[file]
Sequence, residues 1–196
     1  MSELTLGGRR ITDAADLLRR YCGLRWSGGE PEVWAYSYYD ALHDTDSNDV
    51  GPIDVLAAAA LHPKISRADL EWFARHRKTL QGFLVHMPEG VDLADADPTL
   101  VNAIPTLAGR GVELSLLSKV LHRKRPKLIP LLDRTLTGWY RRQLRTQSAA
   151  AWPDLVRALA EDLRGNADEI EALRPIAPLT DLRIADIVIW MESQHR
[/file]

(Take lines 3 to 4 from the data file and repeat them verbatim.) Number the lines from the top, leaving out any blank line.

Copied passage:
    51  GPIDVLAAAA LHPKISRADL EWFARHRKTL QGFLVHMPEG VDLADADPTL
   101  VNAIPTLAGR GVELSLLSKV LHRKRPKLIP LLDRTLTGWY RRQLRTQSAA